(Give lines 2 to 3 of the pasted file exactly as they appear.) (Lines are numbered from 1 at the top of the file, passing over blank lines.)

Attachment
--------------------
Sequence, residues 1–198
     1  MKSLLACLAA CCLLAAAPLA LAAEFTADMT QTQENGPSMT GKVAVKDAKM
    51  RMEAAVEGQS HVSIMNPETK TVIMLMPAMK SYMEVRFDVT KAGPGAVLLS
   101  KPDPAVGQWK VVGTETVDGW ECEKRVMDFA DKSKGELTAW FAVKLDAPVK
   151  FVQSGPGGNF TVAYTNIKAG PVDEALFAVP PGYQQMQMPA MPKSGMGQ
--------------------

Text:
     1  MKSLLACLAA CCLLAAAPLA LAAEFTADMT QTQENGPSMT GKVAVKDAKM
    51  RMEAAVEGQS HVSIMNPETK TVIMLMPAMK SYMEVRFDVT KAGPGAVLLS